Teaching Math Concepts with E-Learning

E-Learning Challenge #71: Challenge | Recap

This week’s challenge is all about teaching math online.

While many of you probably specialize more on the corporate side of e-learning, there’s a lot of creative things going on with K-12 and higher education that can help all of us build better courses.

Not only is this a great opportunity to expand your e-learning portfolios, it’s also a great excuse to freshen up on your math skills.

After all, what better way to sharpen your e-learning saw than by designing learning interactions for a different industry. Below are a few examples and resources to get you going:

Teaching Math with LEGOs

If you’re for an analog approach, consider using LEGOs and a Sharpie to create your interactive worksheets.

Teaching Math with LEGOs

Tackling Fractions with LEGO

Math Interactives

Great collection of visual learning activities from Learn Alberta. If you missed the e-learning games challenge, you’ll want to check out this site for inspiration.

Math Interactives

Exploring Fractions


Use your phone’s camera to capture a math expression and then watch the solution steps broken down into a series of step graphics.

PhotoMath App

PhotoMath App


GeoGebra offers free and interactive teaching materials for math. You’ll also find lots of creative uses for using sliders.



Challenge of the Week

This week your challenge is to design a short lesson to teach one or more math concepts.

If you’re unsure what type of math example to share, consider putting something together for higher education. We get a lot of requests from teachers looking for examples but we haven’t had much to share.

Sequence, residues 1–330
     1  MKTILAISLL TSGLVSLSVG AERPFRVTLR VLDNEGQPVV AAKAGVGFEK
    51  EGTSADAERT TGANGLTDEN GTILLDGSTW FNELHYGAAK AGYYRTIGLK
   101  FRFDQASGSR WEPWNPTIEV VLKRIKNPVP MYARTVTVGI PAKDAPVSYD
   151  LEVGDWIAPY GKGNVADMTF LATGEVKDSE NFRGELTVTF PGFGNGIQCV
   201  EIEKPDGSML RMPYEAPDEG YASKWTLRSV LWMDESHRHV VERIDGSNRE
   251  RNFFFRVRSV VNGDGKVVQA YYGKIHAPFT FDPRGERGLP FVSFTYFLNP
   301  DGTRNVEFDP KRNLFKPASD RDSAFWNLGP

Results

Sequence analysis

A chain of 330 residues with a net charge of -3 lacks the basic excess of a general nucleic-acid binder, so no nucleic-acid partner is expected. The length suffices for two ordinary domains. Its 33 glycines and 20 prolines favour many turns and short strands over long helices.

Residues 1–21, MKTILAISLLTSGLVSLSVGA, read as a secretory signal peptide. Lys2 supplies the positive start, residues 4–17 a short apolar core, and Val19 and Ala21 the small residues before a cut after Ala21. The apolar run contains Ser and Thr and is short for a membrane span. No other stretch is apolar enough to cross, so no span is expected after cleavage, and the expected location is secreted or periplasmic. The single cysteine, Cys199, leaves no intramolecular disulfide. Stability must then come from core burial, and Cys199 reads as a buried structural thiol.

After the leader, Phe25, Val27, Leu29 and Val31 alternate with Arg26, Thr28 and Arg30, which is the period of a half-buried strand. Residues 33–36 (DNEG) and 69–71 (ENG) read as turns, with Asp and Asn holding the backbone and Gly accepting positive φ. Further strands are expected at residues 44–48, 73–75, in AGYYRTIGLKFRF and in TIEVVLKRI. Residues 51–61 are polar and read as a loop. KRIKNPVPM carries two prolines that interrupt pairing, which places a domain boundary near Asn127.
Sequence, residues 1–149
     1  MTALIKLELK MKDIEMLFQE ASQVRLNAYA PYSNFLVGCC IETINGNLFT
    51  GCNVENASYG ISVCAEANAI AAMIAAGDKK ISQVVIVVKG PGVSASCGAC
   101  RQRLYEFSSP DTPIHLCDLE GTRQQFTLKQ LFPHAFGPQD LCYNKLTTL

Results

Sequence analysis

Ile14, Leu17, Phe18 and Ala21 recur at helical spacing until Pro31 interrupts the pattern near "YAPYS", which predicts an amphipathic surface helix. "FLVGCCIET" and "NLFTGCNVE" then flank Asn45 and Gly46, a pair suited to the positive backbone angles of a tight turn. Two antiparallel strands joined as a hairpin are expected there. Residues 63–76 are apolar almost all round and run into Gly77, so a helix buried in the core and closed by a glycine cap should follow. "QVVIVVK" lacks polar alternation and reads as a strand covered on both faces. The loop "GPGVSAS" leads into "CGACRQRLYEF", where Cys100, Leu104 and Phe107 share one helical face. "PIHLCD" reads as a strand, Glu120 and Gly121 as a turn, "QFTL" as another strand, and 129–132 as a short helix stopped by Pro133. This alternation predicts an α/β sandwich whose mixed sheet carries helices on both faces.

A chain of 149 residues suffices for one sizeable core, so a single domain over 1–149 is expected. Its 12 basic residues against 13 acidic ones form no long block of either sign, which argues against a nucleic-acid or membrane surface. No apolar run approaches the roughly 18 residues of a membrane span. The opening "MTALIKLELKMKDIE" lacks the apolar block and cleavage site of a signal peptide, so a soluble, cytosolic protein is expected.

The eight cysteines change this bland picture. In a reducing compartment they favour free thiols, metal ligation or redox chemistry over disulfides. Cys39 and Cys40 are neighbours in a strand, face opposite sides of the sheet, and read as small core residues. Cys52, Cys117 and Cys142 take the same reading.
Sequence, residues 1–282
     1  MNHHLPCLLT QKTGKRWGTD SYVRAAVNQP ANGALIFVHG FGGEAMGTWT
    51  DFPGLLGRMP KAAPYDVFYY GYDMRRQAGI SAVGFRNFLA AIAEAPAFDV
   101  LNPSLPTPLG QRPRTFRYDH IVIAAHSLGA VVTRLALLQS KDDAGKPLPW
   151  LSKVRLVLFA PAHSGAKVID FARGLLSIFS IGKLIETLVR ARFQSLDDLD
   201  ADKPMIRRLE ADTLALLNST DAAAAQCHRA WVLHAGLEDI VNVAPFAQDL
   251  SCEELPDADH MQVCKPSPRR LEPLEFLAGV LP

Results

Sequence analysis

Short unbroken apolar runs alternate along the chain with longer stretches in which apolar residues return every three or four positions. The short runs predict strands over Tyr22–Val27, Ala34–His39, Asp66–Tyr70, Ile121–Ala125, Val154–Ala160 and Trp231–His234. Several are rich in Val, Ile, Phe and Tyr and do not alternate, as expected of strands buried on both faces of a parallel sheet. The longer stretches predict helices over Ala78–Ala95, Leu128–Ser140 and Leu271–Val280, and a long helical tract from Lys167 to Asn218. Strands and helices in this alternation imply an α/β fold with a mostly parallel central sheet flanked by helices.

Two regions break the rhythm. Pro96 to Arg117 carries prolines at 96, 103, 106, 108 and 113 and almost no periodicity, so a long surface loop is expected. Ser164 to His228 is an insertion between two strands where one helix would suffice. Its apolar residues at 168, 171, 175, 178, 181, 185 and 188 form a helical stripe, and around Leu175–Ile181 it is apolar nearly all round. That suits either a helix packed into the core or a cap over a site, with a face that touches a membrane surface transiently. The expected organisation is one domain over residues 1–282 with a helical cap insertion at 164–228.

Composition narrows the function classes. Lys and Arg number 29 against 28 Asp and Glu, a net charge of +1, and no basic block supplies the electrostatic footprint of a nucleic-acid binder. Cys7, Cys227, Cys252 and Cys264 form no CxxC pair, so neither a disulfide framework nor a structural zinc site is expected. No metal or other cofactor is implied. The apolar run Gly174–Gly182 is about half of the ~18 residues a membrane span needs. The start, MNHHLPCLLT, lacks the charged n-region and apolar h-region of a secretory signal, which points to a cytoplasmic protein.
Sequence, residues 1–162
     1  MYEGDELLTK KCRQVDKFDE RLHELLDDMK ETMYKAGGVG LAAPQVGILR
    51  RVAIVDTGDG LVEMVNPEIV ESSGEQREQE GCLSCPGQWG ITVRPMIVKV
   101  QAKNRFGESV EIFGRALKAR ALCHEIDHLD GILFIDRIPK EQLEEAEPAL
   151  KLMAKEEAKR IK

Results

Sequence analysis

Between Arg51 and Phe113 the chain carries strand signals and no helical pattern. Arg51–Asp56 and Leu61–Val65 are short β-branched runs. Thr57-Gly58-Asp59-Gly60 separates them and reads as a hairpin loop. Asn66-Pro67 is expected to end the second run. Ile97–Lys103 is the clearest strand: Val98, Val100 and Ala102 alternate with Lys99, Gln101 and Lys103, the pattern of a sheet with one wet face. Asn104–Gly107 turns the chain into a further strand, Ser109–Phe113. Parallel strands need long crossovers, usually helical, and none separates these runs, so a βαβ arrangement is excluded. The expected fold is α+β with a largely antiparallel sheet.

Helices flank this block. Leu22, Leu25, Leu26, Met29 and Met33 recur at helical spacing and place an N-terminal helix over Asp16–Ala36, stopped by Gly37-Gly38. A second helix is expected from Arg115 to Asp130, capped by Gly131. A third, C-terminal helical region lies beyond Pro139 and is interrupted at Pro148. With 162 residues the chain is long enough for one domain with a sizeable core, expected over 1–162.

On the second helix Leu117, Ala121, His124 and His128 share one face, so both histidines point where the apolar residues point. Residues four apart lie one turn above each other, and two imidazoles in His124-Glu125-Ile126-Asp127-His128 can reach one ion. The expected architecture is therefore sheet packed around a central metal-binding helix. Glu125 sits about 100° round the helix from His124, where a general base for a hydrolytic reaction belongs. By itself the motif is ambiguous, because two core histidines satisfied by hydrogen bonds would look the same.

Of course, you can focus on any age group and level of math you like. Have fun with this one!


You can use Articulate Storyline, Articulate Studio, or PowerPoint to design your math lesson.

Community Examples

Check out some real-world examples shared by community members:


Forum Threads

Need math equation in the questions and options - Good tips for using Word to create your math equations.

Share Your E-Learning Work

  • Comments: Use the comments section below to share a link to your published example and blog post.
  • Forums: Start  your own thread and share a link to your published example..
  • Personal blog:  If you have a blog, please consider writing about your challenges. We’ll link back to your posts so the great work you’re sharing gets even more exposure.
  • Twitter: If you share your demos on Twitter, try using #ELHChallenge so your tweeps can track your e-learning coolness.
  • Facebook: Share your work on our Facebook page by replying to this Facebook post with a link to your example.

Last Week’s Challenge:

Before you crunch the numbers in this week’s challenge, check out the heart-warming examples shared in last week’s Valentine’s challenge:


E-Learning Challenge Recap #70: Challenge | Recap


Wishing you a exponential week, E-Learning Heroes!

New to the E-Learning Challenges?

The weekly challenges are ongoing opportunities to learn, share, and build your e-learning portfolios. You can jump into any or all of the previous challenges anytime you want. I’ll update the recap posts to include your demos.